I often wondered about marketing, that being what I have done for most of my life, as it pertains to restaurants. I found this and it explains why we do what we do. We have to remember that everything we are exposed to is designed for a reason. Next time your at a restaurant, maybe you’ll think about this.
All the Best
Lou & Debbie
The 7 Tricks Restaurants Play to Separate You From Your Money
Menu engineering is used by restaurants to steer you to order high-profit items. Yahoo finance has collected a list of some common menu ploys:
1. First in show. You are more likely to order the first item on a list in a given section of the menu (such as the "chicken" or "beef" section.) That's where many restaurants place the most profitable dish of that type.
2. Menu Siberia. Unprofitable dishes, on the other hand, tend to get banished to a corner that's less noticeable.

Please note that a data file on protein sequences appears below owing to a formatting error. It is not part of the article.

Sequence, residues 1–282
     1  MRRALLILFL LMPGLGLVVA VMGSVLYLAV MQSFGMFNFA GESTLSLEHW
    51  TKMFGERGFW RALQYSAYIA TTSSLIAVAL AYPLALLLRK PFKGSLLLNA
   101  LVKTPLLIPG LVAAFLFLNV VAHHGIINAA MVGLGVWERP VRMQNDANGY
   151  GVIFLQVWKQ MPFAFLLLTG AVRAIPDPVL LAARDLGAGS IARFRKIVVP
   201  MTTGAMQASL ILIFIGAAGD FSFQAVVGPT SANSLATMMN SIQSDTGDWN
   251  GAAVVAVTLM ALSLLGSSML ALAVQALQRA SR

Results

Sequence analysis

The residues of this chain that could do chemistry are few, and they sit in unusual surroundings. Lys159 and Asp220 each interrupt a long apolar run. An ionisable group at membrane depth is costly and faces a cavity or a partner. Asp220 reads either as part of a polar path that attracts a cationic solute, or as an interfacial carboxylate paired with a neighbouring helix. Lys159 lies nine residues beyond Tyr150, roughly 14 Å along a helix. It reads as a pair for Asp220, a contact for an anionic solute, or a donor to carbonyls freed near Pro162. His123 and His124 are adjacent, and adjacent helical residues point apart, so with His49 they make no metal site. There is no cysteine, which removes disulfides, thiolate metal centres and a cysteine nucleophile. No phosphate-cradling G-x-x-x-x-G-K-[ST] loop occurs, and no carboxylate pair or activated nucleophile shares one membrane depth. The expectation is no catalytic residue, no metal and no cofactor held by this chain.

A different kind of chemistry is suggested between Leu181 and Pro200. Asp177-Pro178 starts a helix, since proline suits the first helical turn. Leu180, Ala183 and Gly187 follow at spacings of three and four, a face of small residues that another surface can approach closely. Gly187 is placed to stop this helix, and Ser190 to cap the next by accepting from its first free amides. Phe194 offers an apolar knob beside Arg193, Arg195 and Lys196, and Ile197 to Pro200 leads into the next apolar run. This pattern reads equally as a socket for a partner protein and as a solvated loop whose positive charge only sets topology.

3. Visual aids. Many menus box off something they want to promote, because if you draw a line around it, people will order it. Photos also sell dishes.
4. Package deals. Even if only a small percentage of the McDonald's customers spend some extra dollars on a meal package that translates to millions in additional revenue.
5. Dollar-sign avoidance. Some menus avoid dollar signs and decimals -- keeping money abstract makes spending less threatening.
6. The small plate-large plate conundrum. A restaurant may offer two sizes of the same dish; that price differential is almost pure profit.
7. Ingredient embroidery. If the menu makes each ingredient
sound ultra-special, it will sell better; it may be the same dish
you would get anywhere else, but you'll start to think you can
only get it there.